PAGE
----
In the Edwards BYU / Chow USC Offense • The basic offense is built on series numbers for pass protections. • In the USC basic dropback passing game, they have nine passes. • They call it the 60 Series. They have a pass for each of the 60 numbers. • Example: 65. The linemen know it is the basic 60 cup protection. The 5 is the pass pattern. Everyone has to remember the pass routes. They have nine basic pass patterns. 2001 C.O.T.Y Clinic Manual p. 58
Chow / USC Pass System • Used colors for formations, (now USC uses names a lot Dual, Flank etc.) • A) 40-series: The T.E. and both backs stay in for protection • B) 50 series: Quick Protection C) 60 series: Backs check release opposite sides & can be called “HOT” 66 Will / 66 Sam D) 70 series: Weakside attack - both backs weak flow – T.E. and FB check before releasing. E) 80 series: Strongside attack – stongside back releases immediately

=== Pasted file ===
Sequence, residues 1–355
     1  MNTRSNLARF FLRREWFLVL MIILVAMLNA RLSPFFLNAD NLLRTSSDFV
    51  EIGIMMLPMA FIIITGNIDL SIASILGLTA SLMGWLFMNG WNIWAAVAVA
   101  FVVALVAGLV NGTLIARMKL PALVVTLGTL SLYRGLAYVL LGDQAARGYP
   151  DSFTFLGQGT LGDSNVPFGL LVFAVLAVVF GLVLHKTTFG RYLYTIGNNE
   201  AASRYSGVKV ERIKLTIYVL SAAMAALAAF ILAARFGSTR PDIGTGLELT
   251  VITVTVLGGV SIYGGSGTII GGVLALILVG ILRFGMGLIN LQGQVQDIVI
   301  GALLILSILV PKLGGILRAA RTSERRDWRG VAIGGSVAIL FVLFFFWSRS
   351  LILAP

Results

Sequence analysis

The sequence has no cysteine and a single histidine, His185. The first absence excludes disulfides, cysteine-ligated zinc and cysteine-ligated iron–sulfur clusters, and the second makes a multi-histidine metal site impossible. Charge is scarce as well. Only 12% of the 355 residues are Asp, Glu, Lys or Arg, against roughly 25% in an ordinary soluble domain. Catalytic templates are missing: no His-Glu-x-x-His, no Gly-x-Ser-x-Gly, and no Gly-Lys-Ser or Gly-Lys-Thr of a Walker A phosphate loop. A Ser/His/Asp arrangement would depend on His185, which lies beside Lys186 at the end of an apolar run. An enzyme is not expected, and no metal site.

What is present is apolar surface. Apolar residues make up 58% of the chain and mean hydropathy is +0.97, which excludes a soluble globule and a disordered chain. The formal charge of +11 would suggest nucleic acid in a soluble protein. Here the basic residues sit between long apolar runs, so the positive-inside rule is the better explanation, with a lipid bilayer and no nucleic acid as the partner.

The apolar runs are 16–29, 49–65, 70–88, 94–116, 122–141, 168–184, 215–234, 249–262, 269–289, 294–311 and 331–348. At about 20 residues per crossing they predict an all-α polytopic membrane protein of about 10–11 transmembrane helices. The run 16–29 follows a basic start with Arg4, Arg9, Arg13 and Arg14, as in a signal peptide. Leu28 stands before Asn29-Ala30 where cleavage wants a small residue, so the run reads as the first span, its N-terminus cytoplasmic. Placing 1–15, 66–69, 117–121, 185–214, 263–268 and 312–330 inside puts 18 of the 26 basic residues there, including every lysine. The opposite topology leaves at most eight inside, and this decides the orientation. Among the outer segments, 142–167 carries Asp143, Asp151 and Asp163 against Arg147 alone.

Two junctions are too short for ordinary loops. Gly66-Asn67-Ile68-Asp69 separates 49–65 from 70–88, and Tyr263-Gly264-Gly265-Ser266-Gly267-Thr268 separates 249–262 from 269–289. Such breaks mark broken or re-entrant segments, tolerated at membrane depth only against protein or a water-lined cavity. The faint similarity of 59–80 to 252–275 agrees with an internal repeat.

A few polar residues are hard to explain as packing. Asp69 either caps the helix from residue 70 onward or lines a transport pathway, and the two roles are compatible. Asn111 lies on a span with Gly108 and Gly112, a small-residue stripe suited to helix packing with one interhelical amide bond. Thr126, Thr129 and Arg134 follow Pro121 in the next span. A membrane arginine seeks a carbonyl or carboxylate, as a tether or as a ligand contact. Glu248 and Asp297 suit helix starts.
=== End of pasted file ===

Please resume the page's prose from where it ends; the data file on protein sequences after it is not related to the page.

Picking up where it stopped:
Chow / USC Pass System • The formation is called by color (Red left / right, Orange Left / Right) • Motion is called by ‘Tag” (Red Right Zip) • The protection is called by a series number (60 - both backs check release) • The primary receiver’s route is called, every one else has to memorize their route 66 Y Bench Sam • The protection is 60, the wide receivers both run 6 routes (curls) the Tight in now runs a “Bench” route instead of his normal 66 route, and the F has a free release and is “hot” if the Sam Backer Blitzes.
Chow / USC Pass System • Although not extremely varied, it is fairy simple to learn and memorize. However, if you were going to vary formations and patterns, it would get complicated because of all the memorization involved in the offense.